A release from the US Department of Education:
The U.S. Department of Education's Office for Civil Rights (OCR) today unveiled new data from the 2013-2014 school year showing gaps that still remain too wide in key areas affecting educational equity and opportunity for students, including incidents of discipline, restraint and seclusion, access to courses and programs that lead to college and career readiness, teacher equity, rates of retention, and access to early learning.
U.S. Secretary of Education John B. King Jr. said that, despite significant work from districts across the country, the persistent disparities shown in the new Civil Rights Data Collection—which collected data from all public schools and school districts nationwide for the 2013-14 school year—highlight the need for a continued focus on educational equity, especially in the implementation of the new Every Student Succeeds Act.
Students with disabilities are more than twice as likely as students without disabilities to be suspended in K-12 settings. They also represent two-thirds of students who are secluded from their classmates or restrained to prevent them from moving—even though they are only 12 percent of the overall student population.Other findings from the report:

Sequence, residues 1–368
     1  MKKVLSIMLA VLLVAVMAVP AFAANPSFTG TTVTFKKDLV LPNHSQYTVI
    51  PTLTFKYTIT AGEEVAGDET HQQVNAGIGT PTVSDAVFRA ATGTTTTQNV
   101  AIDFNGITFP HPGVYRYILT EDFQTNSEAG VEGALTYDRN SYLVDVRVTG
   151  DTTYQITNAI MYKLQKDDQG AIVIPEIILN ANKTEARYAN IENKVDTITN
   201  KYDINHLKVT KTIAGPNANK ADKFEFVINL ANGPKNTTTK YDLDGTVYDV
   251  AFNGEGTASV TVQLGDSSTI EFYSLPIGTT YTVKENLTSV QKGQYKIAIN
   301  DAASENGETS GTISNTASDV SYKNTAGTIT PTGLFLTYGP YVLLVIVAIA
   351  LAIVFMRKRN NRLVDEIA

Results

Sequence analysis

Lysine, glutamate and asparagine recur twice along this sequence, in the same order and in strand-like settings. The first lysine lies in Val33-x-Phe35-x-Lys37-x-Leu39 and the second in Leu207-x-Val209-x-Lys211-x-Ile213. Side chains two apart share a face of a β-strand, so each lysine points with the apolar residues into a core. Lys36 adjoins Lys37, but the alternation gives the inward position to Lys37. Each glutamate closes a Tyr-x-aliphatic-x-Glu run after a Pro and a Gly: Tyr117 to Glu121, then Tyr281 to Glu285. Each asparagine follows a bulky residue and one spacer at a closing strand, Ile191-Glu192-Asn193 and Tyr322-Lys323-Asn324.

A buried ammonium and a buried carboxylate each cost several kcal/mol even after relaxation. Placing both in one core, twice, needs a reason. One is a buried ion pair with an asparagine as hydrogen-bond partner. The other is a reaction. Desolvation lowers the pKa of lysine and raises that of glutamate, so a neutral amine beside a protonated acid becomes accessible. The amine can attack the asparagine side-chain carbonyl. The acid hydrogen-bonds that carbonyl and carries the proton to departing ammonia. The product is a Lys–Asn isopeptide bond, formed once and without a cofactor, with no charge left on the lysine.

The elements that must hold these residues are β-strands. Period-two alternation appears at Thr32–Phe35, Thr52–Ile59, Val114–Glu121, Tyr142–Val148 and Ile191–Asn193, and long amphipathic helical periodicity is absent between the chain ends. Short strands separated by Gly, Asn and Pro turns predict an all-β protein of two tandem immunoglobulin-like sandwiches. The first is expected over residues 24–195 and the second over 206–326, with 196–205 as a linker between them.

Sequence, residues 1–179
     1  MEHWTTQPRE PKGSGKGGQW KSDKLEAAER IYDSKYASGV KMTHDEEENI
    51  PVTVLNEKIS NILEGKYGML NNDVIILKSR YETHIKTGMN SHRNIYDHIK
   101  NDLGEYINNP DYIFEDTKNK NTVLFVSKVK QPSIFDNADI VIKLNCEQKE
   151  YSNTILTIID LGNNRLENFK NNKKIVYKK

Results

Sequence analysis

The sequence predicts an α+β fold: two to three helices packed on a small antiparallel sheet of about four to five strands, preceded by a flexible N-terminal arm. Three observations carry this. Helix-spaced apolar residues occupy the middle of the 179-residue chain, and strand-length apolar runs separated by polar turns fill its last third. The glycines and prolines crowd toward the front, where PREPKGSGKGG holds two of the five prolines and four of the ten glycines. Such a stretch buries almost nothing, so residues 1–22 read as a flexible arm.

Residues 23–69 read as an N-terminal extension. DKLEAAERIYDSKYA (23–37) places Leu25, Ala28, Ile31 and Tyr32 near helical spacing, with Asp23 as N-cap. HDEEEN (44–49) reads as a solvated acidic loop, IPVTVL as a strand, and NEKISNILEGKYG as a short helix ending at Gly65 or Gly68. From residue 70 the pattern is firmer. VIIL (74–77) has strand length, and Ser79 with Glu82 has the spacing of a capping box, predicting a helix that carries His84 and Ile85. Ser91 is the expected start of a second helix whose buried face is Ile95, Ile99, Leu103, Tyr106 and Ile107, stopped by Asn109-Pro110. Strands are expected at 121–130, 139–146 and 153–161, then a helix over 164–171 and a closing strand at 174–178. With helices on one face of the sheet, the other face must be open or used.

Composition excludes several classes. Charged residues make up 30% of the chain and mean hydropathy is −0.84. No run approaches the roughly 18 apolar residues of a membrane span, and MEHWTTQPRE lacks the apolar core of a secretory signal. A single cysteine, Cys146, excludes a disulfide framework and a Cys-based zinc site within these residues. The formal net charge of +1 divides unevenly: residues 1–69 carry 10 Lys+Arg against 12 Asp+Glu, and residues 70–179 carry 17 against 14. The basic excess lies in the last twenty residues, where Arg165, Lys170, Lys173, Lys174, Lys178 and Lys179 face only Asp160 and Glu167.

- Students with disabilities served by IDEA are 12% of students in schools that offer Algebra II and 6% of students enrolled in Algebra II; they are 11% of students in schools that offer calculus and 1% of students enrolled in calculus; and they are 11% of students in schools that offer physics and 6% of students enrolled in physics
- To close the participation gap in physics, more than 104,000 additional students with disabilities served by IDEA would need to participate in physics classes nationwide
- Similarly, students with disabilities served by IDEA are 12% of all students in schools offering GATE programs, but represent fewer than 3% of GATE students nationwide.
- Students with disabilities served by IDEA and English learners are 12% and 5% of high school student enrollment , but 21% and 11% of high school students held back or retained.
- High school students with disabilities served by IDEA are 1.3 times as likely to be chronically absent as high school students without disabilities.
- Elementary school students with disabilities served by IDEA are 1.5 times as likely to be chronically absent as elementary school students without disabilities.